Alongside the military and religious triumphs that we celebrate on Hanukkah, there is an episode of moving personal tragedy that is also part of the festival narrative. I am referring to the story of the woman whose seven sons were cruelly murdered before her eyes by the heathen oppressors as they chose martyrdom rather than betray their religious principles.
This story is attested in ancient writings in Greek, Hebrew and Aramaic, and it continued to circulate in virtually every language spoken by Jews, including Ladino, Yiddish and Judeo-Arabic. In each setting in which the tale was retold it was adapted to reflect the values and realities of its locality—and regrettably, religious persecution and calls to martyrdom were recurring realities of Jewish history
The earliest known version of the story is found in the Second Book of Maccabees [= 2 Maccabees], a work that was included among the scriptures of the Greek-speaking Jewish community of Alexandria, Egypt. In that tale, which was inserted in order to explain the motives for the Maccabean uprising, it was the emperor Antiochus Epiphanes himself who commanded the unnamed woman to eat pork. When she refused, the tyrant ordered that each of her sons be subjected in turn to sadistic mutilation, torture and death; yet they all proclaimed their faith in the God who will restore them to life and exact vengeance from their tormentors. After the Emperor failed in his attempt to entice the youngest child to betray his faith by promising him glorious rewards, the mother urged him to join in the collective martyrdom. Then she herself was put to death, but not before taunting the frustrated Antiochus’ for his failure to bully his Jewish victims into submission. In the work known as 4 Maccabees the mother puts an end to her life by leaping into a fire.
The books of Maccabees were not known to the talmudic sages; however, they were included in the Greek Bible that was adopted by the early Roman Catholic church. In fact, in standard Catholic parlance the epithet “Machabees” was applied not to the Hasmonean fighters who drove out the Greeks from the Temple, but to the martyred mother and her seven sons, who are honoured as saints on August 1. In Christian tradition she came to be known as “Salomona.”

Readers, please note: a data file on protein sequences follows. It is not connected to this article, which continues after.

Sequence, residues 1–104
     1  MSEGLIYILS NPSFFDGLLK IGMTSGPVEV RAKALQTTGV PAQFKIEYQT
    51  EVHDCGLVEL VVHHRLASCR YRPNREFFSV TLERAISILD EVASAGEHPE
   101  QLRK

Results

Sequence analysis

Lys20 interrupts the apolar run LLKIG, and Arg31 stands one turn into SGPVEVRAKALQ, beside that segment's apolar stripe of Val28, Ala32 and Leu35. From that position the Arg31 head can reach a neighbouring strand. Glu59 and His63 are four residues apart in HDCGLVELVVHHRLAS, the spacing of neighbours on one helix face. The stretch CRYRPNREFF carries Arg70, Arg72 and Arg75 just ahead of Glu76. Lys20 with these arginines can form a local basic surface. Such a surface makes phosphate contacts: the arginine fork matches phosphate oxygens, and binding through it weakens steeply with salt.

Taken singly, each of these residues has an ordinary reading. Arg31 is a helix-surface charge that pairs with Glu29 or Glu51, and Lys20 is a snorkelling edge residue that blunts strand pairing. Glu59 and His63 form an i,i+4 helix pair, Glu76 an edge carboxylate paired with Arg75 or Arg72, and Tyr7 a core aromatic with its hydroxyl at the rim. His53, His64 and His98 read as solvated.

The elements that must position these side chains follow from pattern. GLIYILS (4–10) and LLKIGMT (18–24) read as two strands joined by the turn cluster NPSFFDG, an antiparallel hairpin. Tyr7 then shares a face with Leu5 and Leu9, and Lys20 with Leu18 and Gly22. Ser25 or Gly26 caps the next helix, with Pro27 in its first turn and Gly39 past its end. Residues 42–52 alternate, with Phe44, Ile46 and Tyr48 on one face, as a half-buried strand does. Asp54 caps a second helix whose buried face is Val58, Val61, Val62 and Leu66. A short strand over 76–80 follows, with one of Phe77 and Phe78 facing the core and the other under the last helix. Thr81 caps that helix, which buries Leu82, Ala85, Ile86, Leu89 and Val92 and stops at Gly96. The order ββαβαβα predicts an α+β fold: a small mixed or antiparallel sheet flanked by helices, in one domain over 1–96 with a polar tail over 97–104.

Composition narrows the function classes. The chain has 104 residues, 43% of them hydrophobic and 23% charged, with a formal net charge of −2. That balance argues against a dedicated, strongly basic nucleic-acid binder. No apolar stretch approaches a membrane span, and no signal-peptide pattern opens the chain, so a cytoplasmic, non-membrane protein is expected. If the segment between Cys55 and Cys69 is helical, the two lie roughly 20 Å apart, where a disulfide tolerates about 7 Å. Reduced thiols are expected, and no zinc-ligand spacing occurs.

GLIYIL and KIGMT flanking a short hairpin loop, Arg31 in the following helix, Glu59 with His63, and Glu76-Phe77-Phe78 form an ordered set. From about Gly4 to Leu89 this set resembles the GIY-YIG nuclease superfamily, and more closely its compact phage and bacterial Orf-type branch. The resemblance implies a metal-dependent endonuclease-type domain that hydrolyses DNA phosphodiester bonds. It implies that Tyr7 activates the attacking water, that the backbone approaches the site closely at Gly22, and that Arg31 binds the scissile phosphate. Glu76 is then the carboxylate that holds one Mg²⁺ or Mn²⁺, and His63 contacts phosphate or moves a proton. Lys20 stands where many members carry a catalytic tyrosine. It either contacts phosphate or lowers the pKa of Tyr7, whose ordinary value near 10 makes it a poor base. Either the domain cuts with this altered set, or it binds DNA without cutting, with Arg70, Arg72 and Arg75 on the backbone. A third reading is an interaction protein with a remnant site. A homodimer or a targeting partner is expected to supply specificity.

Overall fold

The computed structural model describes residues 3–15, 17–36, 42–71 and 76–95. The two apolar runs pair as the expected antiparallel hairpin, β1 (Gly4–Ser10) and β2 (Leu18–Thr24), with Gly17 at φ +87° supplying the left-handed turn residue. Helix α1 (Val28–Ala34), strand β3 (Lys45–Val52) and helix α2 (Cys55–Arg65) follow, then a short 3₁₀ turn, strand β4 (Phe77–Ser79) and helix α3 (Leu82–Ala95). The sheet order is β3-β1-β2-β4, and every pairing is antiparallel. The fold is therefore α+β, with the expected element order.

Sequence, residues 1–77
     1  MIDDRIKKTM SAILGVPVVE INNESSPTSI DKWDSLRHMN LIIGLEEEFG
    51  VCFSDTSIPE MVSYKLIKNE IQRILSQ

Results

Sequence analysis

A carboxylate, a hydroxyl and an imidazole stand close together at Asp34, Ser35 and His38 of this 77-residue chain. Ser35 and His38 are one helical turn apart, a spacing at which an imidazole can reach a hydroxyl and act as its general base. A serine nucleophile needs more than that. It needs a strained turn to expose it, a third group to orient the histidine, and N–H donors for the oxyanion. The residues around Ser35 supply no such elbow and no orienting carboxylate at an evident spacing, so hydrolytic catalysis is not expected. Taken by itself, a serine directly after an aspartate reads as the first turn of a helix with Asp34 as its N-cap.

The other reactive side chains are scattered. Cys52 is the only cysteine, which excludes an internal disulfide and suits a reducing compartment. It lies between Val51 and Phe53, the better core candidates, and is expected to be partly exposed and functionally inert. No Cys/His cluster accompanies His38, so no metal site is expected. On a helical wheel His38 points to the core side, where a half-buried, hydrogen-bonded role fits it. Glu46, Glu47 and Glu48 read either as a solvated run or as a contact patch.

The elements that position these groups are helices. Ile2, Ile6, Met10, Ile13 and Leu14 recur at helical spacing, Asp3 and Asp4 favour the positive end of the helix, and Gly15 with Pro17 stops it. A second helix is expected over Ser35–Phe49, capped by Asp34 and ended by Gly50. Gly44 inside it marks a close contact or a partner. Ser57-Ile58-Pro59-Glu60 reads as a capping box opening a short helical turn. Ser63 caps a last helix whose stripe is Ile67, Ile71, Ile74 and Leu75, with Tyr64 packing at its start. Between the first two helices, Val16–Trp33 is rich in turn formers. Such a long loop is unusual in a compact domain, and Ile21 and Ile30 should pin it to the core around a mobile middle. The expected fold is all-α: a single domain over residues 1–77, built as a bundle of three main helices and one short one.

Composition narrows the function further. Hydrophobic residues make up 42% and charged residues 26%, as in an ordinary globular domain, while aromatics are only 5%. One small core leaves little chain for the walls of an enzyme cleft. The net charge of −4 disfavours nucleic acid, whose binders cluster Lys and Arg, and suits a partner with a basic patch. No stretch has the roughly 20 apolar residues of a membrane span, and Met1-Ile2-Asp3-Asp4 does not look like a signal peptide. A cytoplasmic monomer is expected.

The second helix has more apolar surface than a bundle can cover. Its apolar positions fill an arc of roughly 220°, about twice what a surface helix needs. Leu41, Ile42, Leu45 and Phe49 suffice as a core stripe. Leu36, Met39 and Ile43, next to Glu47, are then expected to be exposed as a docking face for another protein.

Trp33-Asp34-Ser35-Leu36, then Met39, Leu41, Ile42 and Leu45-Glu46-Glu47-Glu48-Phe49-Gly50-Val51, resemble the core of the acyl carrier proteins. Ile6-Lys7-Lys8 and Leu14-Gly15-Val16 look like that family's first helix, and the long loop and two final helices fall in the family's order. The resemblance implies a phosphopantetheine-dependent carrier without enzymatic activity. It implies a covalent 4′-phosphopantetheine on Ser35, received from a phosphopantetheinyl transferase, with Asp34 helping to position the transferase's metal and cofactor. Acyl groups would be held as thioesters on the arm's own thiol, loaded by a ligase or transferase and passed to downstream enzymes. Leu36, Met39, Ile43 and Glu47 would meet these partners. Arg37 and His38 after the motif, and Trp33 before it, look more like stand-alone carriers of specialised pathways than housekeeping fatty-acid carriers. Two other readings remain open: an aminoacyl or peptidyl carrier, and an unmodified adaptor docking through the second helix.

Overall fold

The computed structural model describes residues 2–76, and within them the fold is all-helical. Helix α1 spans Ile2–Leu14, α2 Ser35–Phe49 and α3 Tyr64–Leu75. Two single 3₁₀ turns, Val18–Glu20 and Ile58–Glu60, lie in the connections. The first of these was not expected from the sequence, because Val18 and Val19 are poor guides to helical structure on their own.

Nevertheless, much of the story’s content as found in 2 Maccabees was “recovered” by Jewish posterity in the early Middle Ages when it was incorporated into the “Yosippon,” a Hebrew account of the Second Commonwealth woven together by a Jewish author in southern Italy from the works of Josephus Flavius, the Apocrypha and some Latin chronicles.
The tale also found its way, with significant differences of detail, into the Midrash and the Babylonian Talmud. In those accounts, the villain is an unidentified Roman “Caesar” or a generic “prince” or “king”, probably Vespasian or Hadrian (who is identified by name in one late midrash). As such it has no direct link to Hanukkah, but rather to the Great Revolt against Rome or to the Bar Kokhba uprising.
In the rabbinic versions, the act of apostasy that was demanded of the Jewish family is more blatant: not just the consumption of ritually forbidden meat, but the actual worship of idols. The grisly descriptions of torture and executions are missing from most of those texts. Each son is killed in an unspecified way, after he quotes an appropriate scriptural text that prohibits abandoning the one true God or worshipping idols. In the rabbinic traditions the youngest child (identified in the Midrash as a 2 ½-year-old) is offered—and rejects—the option of bending down to pick up the Emperor’s ring in a way that will merely appear outwardly as if he were bowing in worship.
A boldly poignant addition to the rabbinic tale has the mother instructing her children—or the youngest of them—that upon arriving in the next world, they should pay a visit to the patriarch Abraham and tell him: Don’t be so complacent, boasting how you erected an altar, prepared to offer up your son— Our mother erected seven altars and actually offered up seven sons in one day. You were only tested, but she carried it out!